‘A Hymn to the Evening’ by Phillis Wheatley is a four stanza poem that is separated into two sets of six lines, or sestet, one set of four lines, or quatrain, and a final rhyming couplet. While the line numbers vary in these stanzas giving it a somewhat desperate look on paper, the poem is unified by its structured rhyme scheme. All of the lines follow a pattern of aabbccdd…etc. This allows the poem to be read as a large collection of couplets or two-line statements.
Another fact to note about ‘A Hymn to the Evening’ is the word “hymn.” This word is used to refer to any type of religious song, or in this case poem. It is dedicated to God and has been crafted, and would be read, in dedication to him.
The poem begins with the speaker describing the beauty of the setting sun and how it casts glory on the surrounding landscape. The whole world is filled with “Majestic grandeur” in these moments.
In the next section, she speaks on how it is God who makes the sunset as beautiful as it is. She wishes that she, and those reading this piece, could take on some of the “glow” she sees and keeps it in their breast. The speaker believes this will allow one to truly worship God and wake more peacefully the next morning.
Analysis of A Hymn to the Evening
Soon as the sun forsook the eastern main
The pealing thunder shook the heav’nly plain;
Majestic grandeur! From the zephyr’s wing,
Exhales the incense of the blooming spring.
Soft purl the streams, the birds renew their notes,
And through the air their mingled music floats.
In the first stanza of ‘A Hymn to the Evening’, the speaker begins by noting a number of beautiful details about the landscape which surrounds her. The poet has chosen to give no more details than are necessary for one to imagine this moment. She never provides a reader with an exact location or time this evening is taking place. It could be in any city or in any year.
In the first two lines, the speaker states that at the exact moment the sun “forsook” or gave up, “the eastern main” there was a crack of “pealing” thunder. The two events seemed almost preternaturally determined to occur at the same moment The speaker feels like there is something divine about this sight and sound. The thunder is so loud and powerful it “shook the heav’nly plain.”
Although a powerful storm can be frightening in the right circumstances, this is not one of those moments. The speaker sees the storm and exclaims “Majestic grandeur!” She is in awe of the moment and sees the wind as a soft breeze, or “zephyr,” which brings with it the “incense of blooming spring.” It appears as though winter is coming to an end in this landscape and spring is soon to be on its way.
There are other elements of the scene that also speak to the narrator of spring. She can hear the “Soft purl of the streams” and the birds which are “renew[ing] their notes’ for the first time this season. The whole world seems to be preparing itself for a change and the lovely sounds of the world combine to make one “mingled” song.
Through all the heav’ns what beauteous dies are spread!
But the west glories in the deepest red:
So may our breasts with ev’ry virtue glow,
The living temples of our God below!
In the second stanza, which only contains four lines, the speaker describes how the “heav’ns” or skies, are changing colors with the season as well. It is likely that the landscape has been muted up until this point, perhaps with many whites and greys. Now though, with spring on the way, a number of different “dies” or “dyes,” are showing themselves in the sky.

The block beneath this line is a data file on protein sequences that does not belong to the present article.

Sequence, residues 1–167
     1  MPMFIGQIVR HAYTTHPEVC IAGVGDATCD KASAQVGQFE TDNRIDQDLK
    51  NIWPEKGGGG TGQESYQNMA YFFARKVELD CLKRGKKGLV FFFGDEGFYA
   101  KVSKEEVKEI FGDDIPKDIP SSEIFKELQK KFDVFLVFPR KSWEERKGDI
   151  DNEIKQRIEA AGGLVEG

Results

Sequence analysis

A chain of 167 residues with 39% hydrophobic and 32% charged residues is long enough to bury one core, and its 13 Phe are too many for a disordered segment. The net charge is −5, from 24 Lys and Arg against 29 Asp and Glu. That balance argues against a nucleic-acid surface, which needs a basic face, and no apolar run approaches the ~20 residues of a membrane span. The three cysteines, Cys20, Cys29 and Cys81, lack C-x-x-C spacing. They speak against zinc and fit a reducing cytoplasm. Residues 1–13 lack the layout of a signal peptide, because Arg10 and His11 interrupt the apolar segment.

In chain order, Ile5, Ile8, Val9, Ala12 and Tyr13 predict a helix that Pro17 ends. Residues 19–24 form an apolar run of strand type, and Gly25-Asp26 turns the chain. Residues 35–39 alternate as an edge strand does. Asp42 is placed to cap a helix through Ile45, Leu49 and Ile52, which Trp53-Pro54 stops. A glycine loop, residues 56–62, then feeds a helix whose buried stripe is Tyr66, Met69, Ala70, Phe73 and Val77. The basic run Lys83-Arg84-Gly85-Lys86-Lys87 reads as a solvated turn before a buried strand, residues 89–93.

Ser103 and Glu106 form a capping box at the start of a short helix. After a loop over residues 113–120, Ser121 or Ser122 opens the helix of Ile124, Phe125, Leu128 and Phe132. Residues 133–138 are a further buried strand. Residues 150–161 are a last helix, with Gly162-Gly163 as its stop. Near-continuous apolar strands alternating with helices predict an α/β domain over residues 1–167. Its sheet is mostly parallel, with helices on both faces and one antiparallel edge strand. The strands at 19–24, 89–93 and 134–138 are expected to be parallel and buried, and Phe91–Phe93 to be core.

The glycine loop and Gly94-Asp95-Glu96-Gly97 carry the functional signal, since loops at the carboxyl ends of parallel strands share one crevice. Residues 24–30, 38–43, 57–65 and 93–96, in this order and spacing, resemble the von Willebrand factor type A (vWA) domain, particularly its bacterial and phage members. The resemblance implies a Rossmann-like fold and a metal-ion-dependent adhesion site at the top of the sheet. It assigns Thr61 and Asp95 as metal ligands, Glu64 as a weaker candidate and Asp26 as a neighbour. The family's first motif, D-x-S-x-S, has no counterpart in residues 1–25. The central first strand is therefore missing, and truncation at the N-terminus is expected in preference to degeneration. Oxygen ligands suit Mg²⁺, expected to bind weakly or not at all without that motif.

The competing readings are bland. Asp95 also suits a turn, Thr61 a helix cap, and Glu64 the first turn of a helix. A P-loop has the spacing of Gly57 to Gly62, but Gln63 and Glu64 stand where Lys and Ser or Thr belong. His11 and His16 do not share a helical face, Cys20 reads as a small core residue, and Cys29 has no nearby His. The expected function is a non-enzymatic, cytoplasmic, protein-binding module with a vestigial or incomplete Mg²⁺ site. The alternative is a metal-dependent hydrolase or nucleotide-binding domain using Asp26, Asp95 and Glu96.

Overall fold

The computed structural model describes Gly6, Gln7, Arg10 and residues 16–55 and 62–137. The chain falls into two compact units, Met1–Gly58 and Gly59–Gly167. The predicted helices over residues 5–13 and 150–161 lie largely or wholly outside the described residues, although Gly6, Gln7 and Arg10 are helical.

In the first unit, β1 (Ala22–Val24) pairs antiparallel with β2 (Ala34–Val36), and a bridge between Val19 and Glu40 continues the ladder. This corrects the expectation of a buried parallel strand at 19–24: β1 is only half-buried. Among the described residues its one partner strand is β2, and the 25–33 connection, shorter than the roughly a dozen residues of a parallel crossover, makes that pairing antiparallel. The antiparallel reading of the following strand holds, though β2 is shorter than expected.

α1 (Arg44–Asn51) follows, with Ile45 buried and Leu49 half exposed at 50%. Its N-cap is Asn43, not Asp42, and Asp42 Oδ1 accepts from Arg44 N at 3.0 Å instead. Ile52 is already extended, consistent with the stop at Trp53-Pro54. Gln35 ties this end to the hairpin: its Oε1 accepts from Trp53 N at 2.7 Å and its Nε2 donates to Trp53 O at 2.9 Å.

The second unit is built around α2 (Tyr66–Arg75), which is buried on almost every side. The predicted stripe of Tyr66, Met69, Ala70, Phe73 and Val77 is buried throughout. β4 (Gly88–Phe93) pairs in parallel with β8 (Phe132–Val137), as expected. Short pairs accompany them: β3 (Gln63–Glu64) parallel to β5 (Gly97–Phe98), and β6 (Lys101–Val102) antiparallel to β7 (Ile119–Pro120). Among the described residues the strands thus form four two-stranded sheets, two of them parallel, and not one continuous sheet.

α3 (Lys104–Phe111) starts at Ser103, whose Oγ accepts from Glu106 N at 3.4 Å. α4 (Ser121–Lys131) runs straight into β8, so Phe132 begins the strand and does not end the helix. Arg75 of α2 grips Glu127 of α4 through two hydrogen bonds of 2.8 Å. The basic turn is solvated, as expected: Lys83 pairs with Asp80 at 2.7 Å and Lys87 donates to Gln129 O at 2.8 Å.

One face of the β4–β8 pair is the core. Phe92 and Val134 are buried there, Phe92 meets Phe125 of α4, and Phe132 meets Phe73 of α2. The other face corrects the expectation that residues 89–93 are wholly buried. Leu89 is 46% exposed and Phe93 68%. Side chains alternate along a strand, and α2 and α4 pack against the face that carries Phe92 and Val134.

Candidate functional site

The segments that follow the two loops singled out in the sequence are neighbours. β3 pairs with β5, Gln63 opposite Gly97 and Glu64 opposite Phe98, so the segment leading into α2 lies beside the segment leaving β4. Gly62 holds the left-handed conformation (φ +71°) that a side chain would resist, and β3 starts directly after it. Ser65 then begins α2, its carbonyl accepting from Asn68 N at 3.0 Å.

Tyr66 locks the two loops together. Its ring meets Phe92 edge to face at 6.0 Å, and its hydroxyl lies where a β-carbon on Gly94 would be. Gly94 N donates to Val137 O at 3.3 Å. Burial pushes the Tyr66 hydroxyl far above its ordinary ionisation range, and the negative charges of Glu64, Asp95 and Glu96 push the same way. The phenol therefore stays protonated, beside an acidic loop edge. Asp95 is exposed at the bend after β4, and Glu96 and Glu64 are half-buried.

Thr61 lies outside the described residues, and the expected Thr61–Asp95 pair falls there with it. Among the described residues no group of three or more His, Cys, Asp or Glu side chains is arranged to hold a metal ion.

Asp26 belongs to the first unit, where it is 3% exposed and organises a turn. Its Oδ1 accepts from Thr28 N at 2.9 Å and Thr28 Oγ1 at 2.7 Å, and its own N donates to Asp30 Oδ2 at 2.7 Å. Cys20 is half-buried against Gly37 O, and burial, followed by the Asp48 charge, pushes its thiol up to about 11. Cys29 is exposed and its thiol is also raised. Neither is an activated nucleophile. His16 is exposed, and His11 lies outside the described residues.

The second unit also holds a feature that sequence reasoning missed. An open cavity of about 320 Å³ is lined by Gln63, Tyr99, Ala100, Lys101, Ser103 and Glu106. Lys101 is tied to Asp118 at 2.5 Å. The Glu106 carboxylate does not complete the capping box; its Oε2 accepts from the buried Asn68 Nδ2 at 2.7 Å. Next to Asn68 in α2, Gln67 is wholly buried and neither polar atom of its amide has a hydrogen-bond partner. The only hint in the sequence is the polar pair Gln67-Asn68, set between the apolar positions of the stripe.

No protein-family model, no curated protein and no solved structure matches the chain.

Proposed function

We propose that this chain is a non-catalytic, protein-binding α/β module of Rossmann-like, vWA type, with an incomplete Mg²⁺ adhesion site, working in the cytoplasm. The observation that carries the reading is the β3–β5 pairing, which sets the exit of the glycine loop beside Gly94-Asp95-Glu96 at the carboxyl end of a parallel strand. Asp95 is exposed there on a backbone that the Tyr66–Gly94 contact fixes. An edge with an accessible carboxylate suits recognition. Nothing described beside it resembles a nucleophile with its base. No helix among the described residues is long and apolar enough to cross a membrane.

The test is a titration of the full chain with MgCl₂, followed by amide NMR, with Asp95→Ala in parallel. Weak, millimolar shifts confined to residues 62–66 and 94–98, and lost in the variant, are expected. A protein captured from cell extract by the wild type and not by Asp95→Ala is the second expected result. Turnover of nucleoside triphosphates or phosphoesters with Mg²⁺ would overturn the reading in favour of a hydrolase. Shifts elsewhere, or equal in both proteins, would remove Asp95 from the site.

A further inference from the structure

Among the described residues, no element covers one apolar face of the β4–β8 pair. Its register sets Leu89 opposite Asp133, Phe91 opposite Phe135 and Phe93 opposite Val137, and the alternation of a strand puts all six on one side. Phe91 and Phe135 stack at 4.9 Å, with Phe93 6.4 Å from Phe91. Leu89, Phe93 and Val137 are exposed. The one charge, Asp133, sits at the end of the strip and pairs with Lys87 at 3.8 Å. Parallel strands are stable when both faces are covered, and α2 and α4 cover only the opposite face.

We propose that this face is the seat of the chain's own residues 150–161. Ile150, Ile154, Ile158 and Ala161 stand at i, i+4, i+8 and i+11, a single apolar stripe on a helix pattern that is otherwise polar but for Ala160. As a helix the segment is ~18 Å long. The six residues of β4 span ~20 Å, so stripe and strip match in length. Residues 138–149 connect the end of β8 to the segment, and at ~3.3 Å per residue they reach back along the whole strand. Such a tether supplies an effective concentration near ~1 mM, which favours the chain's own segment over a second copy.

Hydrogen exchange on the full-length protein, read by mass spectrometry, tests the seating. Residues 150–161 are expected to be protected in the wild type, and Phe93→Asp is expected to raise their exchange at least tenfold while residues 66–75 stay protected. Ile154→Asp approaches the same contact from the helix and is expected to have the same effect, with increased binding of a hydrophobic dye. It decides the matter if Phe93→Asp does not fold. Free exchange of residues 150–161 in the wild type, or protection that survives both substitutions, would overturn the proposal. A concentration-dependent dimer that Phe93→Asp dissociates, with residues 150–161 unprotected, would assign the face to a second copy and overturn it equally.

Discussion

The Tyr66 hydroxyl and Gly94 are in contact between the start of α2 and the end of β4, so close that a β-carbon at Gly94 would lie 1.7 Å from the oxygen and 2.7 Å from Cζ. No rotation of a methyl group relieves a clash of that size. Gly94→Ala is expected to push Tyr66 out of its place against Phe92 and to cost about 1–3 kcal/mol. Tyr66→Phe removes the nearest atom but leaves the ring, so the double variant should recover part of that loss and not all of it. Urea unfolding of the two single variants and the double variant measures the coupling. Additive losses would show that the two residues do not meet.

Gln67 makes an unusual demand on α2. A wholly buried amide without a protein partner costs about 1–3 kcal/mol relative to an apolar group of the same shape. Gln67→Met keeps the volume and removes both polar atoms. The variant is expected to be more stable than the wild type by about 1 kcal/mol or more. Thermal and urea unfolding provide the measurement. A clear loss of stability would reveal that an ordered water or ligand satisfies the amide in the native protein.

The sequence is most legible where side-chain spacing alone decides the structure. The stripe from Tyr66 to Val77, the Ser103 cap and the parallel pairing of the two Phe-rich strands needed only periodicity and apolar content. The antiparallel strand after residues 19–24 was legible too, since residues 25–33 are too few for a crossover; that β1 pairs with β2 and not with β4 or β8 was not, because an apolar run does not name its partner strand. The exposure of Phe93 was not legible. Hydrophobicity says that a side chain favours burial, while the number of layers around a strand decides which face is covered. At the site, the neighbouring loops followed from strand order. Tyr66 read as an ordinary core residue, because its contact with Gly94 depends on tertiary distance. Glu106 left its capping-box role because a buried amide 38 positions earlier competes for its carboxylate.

The most prominent of these is the “deepest red” which graces the “western” region. This is fitting for the moment as it is a landscape in the evening. As the sun sets in the west the sky grows more luminous, at least for a few moments.
The speaker sees the vibrant nature of these moments and considers how she, and all the listeners might take the glory into their own bodies. She wishes that “our breasts” might “glow” as the skies do. They are, she states, the “living temples of our God.”
Fill’d with the praise of him who gives the light,
And draws the sable curtains of the night,
Let placid slumbers sooth each weary mind,
At morn to wake more heav’nly, more refin’d;
So shall the labours of the day begin
More pure, more guarded from the snares of sin.
In the second to last stanza, which is made up of six lines, the speaker turns her thoughts fully from the landscape to God. She is elaborating on what it would mean for those who worship him to be truly filled with his “light” and “praise.” This would be as impactful and meaningful as the red sunset.
She wants to please God by showing him, through her own glory and that of others, how much she cares about him. The speaker knows him as the one who “draws the sable curtains of the night.” He sets the sun and secures his followers’ safety in their sleep. He also “sooth[es]” the minds of those who feel “weary.” He is a balm at the end of a trying day.
In the second half of the stanza, the speaker describes what it can be like when morning comes. One will have rested better, knowing God is there, and wake “more refin’d,” or better than one was the night before. With this increased positivity and calmer start to the day, all the work which follows will seem “more pure.” It will also be “more guarded” from sin.
Night’s leaden sceptre seals my drowsy eyes,
Then cease, my song, till fair Aurora rise.
In the final two lines of the poem, which are structured as a rhyming couplet, the speaker concludes her narrative of an evening. She describes how the world sends her off to sleep as if with a spell.
The first line states that it is “Night’s leaden sceptre” which “seals” her eyes and now and allows her to drift off to sleep. She will remain this way until “Aurora” rises in the morning. “Aurora” is the Latin word for dawn, and it is also the name of the goddess of dawn in Roman mythology.